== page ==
We are all happy to see some warmer weather recently (at the time of writing!) but the increasing temperatures do place a strain on any dogs who suffer from significant upper airway disease. Many dogs will self-regulate and compensate for their respiratory compromise through reduced exercise/seeking out the cool shade etc. but many dogs can’t say ‘no’ to a good walk and so we regularly see dogs referred to Eastcott as emergencies with acute upper airway compromise.
Breeds Affected by Seasonal Airway Disease
Broadly speaking, the dogs we see fall into 2 categories – the ‘brachycephalics’ and the ‘paralysis’ dogs.
- Brachycephalic breeds include the English and French Bulldogs, Pugs and Boston Terriers. Many dogs with overlong soft palates and narrowed (stenotic) nostrils etc. will have major problems in regulating their body temperature due to an inability to pant and exchange heat efficiently. Many of these dogs will start showing signs of exercise intolerance, retching and even gastrointestinal disturbances all because of their breed-associated conformation. Symptoms often start at a very young age but progress due to secondary changes and further deformation of their respiratory tracts i.e. laryngeal collapse. These dogs can appear stable but can rapidly decompensate if they exercise or even just sunbathe on a hot day. Prompt treatment is essential and normally comprises oxygen therapy, rapid cooling, sedation and anti inflammatories.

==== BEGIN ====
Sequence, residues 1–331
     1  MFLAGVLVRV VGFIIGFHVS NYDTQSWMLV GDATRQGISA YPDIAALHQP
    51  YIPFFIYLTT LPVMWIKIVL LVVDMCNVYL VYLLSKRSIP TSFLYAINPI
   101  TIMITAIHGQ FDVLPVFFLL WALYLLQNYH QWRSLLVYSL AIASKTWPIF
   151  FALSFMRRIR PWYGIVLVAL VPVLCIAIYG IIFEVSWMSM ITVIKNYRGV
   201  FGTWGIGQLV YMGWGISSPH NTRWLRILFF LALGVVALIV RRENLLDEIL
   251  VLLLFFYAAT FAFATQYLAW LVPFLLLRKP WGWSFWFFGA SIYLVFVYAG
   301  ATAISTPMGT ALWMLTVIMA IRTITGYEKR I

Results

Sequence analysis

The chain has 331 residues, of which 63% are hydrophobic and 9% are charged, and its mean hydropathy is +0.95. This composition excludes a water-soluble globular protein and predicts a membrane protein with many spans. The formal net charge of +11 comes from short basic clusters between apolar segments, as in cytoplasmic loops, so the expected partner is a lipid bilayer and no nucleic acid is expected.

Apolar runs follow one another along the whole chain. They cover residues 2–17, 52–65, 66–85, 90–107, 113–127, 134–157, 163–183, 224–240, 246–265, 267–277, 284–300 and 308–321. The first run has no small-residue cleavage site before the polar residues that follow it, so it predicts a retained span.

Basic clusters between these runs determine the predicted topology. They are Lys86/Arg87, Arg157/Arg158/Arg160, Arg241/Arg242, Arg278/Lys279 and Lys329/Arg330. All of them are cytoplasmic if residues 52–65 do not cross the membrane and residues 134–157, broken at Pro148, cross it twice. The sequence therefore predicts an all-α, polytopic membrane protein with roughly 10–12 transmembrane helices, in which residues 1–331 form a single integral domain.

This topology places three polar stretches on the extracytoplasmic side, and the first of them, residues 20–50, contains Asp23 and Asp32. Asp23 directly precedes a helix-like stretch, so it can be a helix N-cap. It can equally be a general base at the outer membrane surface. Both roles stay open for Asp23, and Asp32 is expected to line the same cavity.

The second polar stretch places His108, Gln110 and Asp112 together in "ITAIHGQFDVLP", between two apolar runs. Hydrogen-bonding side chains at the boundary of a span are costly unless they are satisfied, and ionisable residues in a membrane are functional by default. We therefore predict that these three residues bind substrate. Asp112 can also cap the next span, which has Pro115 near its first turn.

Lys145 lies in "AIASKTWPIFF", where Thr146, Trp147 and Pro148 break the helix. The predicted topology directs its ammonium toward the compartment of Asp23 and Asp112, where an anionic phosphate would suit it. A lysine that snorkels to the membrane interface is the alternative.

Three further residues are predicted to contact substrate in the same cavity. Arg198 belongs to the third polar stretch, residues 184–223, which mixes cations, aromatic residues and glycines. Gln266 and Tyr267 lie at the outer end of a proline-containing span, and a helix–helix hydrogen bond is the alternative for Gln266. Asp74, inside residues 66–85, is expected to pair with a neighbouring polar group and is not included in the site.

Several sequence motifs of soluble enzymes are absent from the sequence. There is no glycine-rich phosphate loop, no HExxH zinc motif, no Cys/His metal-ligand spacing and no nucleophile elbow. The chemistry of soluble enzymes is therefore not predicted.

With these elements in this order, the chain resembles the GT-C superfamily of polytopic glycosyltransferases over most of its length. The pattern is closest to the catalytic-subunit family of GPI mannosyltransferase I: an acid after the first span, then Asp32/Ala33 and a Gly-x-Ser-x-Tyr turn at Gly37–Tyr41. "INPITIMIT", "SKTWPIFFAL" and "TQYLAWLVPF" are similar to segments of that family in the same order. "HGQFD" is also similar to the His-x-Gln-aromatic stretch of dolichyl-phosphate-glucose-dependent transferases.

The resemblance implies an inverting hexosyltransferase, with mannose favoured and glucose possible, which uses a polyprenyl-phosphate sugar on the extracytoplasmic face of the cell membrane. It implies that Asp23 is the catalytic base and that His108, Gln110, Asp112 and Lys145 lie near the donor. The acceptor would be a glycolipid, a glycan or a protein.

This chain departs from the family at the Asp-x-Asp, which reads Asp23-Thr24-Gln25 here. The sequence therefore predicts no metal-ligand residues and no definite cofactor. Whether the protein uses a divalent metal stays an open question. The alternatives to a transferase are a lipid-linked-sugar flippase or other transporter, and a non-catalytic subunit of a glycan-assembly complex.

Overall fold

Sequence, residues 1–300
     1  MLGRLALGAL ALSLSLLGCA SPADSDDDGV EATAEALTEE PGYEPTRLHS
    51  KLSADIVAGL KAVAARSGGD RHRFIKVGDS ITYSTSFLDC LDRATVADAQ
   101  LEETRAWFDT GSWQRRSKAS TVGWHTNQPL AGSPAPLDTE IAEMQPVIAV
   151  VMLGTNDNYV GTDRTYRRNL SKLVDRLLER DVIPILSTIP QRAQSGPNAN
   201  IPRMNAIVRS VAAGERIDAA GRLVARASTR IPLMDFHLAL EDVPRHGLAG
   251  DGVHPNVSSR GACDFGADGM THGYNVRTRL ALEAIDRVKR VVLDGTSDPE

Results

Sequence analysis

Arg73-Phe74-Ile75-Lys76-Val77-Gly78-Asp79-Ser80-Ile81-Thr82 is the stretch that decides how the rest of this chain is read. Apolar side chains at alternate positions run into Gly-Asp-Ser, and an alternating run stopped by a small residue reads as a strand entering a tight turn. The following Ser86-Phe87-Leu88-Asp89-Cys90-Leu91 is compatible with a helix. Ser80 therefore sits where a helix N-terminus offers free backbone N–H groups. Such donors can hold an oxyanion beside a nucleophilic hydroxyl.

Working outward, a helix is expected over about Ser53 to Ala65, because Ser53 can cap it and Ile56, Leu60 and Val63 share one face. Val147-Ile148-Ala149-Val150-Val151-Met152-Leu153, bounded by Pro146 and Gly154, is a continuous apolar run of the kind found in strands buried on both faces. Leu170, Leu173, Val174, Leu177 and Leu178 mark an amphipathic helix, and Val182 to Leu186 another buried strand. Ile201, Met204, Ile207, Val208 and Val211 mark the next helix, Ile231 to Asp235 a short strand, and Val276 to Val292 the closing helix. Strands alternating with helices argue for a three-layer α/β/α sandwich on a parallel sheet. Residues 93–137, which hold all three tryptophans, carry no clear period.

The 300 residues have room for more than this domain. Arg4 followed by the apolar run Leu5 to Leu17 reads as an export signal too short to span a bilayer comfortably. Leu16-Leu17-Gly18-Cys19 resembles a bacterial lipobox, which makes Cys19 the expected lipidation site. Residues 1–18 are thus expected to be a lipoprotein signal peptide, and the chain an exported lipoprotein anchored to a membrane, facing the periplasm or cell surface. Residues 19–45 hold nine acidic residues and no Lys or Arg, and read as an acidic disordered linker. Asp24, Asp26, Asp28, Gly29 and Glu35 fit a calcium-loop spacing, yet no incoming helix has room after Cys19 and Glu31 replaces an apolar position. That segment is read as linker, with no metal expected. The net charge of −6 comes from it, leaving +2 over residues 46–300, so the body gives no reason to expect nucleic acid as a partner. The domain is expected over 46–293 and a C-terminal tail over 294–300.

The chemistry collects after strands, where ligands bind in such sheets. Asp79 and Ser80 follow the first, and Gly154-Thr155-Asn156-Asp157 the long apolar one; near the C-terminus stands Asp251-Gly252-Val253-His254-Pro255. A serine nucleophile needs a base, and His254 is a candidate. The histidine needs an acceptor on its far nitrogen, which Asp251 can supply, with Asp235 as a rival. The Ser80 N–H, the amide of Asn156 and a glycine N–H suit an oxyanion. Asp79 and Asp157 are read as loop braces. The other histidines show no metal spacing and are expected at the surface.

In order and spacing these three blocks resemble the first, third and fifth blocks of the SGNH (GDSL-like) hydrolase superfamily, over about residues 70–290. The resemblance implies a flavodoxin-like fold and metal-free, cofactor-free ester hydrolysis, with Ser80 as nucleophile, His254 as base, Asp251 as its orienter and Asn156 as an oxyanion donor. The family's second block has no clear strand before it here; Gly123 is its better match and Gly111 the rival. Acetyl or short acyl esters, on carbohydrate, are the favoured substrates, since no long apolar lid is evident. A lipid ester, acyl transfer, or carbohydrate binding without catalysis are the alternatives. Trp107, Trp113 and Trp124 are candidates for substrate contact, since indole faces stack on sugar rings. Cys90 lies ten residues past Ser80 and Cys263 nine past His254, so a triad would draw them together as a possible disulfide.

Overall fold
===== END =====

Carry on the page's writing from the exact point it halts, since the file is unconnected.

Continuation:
- Laryngeal paralysis is very common in certain breeds especially Labradors and Golden Retrievers but any breed can be affected (including brachcephalics!). These dogs often present as older dogs with a history of panting, exercise intolerance and a change of bark (dysphonia). We now believe that the majority of affected dogs suffer a generalised polyneuropathy and many dogs will go on to develop subtle proprioceptive deficits, recurrent regurgitation and generalised muscle wastage as they get older. Many people attribute the observed ‘slowing up’ to concurrent osteoarthritis or ‘old age’ and it can be very difficult to differentiate between the two syndromes. Dogs with laryngeal paralysis can also
decompensate in the heat. Their increased breathing effort sucks in the flaccid arytenoids occluding the laryngeal opening leading to cyanosis and potentially syncope and asphyxiation. These dogs have characteristically high pitched (stridorous) respiratory noise as they become excited or agitated. Affected dogs are managed with a ‘tieback’ procedure and usually have a vastly improved quality of life following the surgery with many dogs going home the same day as surgery is performed.
Presumptive diagnoses can often be made from history, signalement and clinical signs. The diagnosis can be confirmed when performing laryngoscopy under a light plane of anaesthesia but this is not without risk. We are happy to see any cases of suspected upper respiratory tract (URT) compromise and to perform the laryngoscopy ourselves so that we can then take the dogs straight to theatre. This avoids you having to recover dogs with un-corrected URT compromise which can be hazardous and occasionally require tracheotomy.
We are happy to give telephone advice about any possible referrals so please do contact us if you think you may have a brachycephalic or laryngeal paralysis case and we can discuss management with you or arrange the referral if required.